401k’s are one of the most popular retirement plans offered by employers in the United States with nearly 80% of full-time, eligible employees taking advantage of the program. These plans allow employees to put money away toward their retirement pre-tax, and often offer an “employer match.” Unfortunately, many working professionals view a 401k as a sort of secondary savings account; one they can withdraw from in a crisis if they take out a 401k loan when finances get tight. However, this is not at all the way that professionals today should view their 401k’s. So, should you take out a 401k loan?
Should you take out a 401k loan?
Many would argue in support of this “it’s my money and I can use it how I want to,” mentality. But withdrawing from your 401k (although entirely possible), is not at all in your best interest over the long-term. That’s because borrowing from your 401k likens to borrowing from your future. And this can have a significant negative impact on future planning needs if done in excess or if not repaid. The answer to whether or not you should take out a 401k loan is a resounding “no”.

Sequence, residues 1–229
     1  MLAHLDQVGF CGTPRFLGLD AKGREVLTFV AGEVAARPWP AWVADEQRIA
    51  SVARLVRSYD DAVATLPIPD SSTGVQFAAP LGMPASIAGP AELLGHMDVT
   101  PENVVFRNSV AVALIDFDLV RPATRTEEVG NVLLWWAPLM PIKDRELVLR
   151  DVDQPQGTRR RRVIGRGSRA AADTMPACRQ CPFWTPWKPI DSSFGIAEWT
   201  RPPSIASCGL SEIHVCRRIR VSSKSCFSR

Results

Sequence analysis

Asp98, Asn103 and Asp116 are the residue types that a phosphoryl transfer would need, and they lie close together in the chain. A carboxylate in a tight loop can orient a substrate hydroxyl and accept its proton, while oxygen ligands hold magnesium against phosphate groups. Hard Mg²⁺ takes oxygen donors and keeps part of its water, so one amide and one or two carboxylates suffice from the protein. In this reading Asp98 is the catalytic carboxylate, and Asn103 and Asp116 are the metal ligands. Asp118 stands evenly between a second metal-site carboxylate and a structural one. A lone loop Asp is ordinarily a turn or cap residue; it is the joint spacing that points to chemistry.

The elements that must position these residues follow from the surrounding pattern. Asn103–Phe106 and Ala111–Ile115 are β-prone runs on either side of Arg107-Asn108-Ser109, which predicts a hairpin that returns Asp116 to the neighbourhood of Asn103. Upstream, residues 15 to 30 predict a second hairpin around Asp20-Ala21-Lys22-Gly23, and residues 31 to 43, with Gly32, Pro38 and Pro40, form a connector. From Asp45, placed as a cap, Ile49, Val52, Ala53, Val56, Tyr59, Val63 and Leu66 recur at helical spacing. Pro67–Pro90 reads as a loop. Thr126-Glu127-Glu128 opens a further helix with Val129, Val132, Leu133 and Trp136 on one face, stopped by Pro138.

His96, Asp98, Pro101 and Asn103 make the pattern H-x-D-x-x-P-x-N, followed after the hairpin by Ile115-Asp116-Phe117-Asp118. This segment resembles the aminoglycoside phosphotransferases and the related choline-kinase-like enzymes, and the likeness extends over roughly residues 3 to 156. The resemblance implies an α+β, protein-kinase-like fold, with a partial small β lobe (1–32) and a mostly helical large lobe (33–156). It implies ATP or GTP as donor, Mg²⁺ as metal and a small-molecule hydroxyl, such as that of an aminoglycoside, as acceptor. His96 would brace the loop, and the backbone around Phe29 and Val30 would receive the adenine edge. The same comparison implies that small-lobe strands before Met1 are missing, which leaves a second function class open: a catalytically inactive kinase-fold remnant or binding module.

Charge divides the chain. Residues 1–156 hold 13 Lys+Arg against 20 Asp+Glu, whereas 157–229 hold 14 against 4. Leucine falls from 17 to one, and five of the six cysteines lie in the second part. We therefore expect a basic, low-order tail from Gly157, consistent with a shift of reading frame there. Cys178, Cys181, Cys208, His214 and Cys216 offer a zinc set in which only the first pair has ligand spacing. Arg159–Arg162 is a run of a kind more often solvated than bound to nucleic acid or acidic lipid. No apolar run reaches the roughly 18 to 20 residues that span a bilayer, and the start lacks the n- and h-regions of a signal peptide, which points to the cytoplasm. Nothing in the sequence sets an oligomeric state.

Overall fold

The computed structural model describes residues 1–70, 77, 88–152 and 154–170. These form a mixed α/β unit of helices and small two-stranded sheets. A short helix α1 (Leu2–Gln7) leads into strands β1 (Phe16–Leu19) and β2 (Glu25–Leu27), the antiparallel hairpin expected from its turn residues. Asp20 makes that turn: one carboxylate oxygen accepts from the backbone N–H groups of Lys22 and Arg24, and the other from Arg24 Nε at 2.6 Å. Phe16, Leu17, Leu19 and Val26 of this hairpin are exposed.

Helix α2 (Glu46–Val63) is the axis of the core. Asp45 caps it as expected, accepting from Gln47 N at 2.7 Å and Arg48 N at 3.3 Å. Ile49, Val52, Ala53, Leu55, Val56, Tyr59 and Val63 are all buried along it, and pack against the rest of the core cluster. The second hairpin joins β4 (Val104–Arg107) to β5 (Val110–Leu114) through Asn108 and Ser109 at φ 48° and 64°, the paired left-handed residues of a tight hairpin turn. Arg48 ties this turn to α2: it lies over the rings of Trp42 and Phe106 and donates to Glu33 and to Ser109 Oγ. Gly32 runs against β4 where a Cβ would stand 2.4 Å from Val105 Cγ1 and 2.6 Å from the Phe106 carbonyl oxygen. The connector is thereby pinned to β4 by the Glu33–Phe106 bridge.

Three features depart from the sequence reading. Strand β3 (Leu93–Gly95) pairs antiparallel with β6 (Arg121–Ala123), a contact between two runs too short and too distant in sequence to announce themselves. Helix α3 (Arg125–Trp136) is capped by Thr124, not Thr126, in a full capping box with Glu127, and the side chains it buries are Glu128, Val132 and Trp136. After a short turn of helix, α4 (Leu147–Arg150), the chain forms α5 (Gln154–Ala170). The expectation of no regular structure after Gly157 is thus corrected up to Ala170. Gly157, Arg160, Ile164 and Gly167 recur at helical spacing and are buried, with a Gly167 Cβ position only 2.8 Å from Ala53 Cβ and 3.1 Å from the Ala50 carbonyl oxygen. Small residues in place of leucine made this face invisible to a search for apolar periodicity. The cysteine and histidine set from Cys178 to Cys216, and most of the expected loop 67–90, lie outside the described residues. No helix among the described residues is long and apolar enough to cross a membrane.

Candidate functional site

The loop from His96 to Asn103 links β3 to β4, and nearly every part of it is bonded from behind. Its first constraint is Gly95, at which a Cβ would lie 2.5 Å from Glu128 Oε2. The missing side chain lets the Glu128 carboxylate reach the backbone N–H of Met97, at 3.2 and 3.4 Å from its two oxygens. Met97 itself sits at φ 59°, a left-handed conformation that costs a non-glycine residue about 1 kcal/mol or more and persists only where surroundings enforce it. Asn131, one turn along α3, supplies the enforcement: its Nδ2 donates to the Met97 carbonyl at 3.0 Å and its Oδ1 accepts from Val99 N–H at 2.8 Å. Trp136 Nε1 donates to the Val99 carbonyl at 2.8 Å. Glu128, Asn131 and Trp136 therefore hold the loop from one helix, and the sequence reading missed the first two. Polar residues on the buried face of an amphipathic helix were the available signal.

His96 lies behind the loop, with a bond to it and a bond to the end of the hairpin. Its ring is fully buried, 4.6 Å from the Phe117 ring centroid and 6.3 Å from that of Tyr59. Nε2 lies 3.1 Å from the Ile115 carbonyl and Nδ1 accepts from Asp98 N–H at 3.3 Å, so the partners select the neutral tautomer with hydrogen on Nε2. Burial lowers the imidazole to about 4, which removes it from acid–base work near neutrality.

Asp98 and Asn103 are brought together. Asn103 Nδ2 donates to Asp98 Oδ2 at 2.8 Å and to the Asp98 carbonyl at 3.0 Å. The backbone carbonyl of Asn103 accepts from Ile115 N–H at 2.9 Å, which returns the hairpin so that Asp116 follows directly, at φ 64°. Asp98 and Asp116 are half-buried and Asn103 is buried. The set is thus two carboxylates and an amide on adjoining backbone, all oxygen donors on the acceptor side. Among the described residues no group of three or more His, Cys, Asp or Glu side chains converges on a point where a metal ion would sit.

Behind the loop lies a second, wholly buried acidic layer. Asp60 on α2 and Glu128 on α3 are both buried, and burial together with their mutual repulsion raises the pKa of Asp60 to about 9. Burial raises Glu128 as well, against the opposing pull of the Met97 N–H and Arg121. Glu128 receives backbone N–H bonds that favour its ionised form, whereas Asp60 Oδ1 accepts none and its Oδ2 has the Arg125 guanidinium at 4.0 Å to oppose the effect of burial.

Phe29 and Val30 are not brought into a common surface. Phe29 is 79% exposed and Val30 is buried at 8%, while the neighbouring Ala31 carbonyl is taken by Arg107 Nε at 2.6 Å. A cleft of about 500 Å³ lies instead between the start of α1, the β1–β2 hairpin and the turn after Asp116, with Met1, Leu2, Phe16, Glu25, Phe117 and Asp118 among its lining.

Additionally, many people don’t realize that with a 401k, you’re required to make payments every 90 days. If you don’t do this, that money will be considered a distribution and will be taxed as income and you may be hit with a nasty 10% penalty if you are under 59 ½ years old.
So even though the IRS technically will allow you to borrow up to $50,000 from your account, that doesn’t mean you should take out a 401k loan. Borrowing from your 401k today could seriously impact your retirement tomorrow.
Do you know someone who thinks they should take out a 401k loan? Still have questions about your savings and retirement? See more of our updates each week on our LexION blog. And don’t hesitate to reach out to us with questions about how our services might be right for you.